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Mountain Life

IN summer dusk the valley lies With far-flung shadow veil; A cloud-sea laps the precipice Before the evening gale: The welter of the cloud-waves grey Cuts off from keenest sight The glacier, looking out by day O'er all the district, far away, And crowned with golden light.

But o'er the smouldering cloud-wrack's flow, Where gold and amber kiss, Stands up the archipelago, A home of shining peace. The mountain eagle seems to sail A ship far seen at even; And over all a serried pale Of peaks, like giants ranked in mail, Fronts westward threatening heaven.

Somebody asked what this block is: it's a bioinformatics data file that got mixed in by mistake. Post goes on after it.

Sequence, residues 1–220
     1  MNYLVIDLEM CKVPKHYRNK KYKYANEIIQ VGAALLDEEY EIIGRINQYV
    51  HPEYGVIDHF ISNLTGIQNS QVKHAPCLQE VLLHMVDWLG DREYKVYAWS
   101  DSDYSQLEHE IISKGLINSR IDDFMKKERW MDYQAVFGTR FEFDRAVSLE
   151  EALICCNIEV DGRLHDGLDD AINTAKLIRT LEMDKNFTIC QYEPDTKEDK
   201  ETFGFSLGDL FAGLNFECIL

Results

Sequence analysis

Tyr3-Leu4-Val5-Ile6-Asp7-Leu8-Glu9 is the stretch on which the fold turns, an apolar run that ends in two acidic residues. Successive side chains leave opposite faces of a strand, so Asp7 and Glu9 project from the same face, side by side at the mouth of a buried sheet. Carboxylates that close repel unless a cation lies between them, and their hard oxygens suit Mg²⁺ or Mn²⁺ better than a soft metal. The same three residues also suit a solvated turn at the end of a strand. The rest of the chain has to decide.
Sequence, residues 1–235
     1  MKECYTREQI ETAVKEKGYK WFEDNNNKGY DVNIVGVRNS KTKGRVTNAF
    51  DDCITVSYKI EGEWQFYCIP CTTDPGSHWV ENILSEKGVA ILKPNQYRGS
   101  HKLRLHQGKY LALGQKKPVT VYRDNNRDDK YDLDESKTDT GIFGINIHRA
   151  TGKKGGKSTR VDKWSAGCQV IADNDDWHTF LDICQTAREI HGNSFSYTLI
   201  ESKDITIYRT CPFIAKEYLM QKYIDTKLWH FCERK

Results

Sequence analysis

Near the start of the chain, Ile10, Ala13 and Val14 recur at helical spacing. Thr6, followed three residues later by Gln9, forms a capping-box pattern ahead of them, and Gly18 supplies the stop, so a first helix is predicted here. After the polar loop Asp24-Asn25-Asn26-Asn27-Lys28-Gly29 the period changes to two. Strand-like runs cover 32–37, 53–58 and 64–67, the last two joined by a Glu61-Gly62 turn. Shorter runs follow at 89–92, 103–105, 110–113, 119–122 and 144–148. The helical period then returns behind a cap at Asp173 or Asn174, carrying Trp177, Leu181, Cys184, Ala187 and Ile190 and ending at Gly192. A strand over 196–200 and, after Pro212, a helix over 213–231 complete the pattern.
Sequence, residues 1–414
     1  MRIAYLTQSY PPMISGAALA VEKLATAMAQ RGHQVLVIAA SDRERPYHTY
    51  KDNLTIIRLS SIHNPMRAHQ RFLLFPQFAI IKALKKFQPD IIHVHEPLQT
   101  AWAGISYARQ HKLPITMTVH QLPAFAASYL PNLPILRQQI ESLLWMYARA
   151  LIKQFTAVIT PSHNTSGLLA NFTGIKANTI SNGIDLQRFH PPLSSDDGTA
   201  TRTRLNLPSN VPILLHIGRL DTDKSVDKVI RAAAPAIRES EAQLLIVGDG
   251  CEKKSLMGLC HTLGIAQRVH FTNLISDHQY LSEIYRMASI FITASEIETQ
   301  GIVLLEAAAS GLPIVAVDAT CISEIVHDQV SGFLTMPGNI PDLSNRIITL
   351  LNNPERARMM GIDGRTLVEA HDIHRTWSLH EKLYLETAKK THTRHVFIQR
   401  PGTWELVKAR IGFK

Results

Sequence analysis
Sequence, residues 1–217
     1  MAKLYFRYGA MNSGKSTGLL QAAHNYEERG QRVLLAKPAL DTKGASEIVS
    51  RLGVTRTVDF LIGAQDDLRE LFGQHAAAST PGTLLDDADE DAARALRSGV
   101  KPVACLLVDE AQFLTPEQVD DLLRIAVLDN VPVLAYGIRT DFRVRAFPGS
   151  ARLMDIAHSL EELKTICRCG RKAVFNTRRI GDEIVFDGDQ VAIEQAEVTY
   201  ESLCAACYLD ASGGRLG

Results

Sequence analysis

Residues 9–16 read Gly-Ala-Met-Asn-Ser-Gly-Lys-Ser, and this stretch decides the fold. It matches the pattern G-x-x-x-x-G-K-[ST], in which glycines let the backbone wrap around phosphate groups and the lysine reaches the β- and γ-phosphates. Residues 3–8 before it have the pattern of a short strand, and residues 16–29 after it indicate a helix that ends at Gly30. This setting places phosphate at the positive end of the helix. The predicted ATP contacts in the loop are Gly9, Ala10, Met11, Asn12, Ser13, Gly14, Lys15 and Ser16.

But look, a steading nestles, close Beneath the ice-fields bound, Where purple cliffs and glittering snows The quiet home surround. Here place and people seem to be A world apart, alone; -- Cut off from men by spate and scree It has a heaven more broad, more free, A sunshine all its own.

Look: mute the saeter-maiden stays, Half shadow, half aflame; The deep, still vision of her gaze Was never word to name. She names it not herself, nor knows What goal my be its will; While cow-bells chime and alp-horn blows It bears her where the sunset glows, Or, maybe, further still.

Too brief, thy life on highland wolds Where close the glaciers jut; Too soon the snowstorm's cloak enfolds Stone byre and pine-log hut. Then wilt thou ply with hearth ablaze The winter's well-worn tasks; -- But spin thy wool with cheerful face: One sunset in the mountain pays For all their winter asks.

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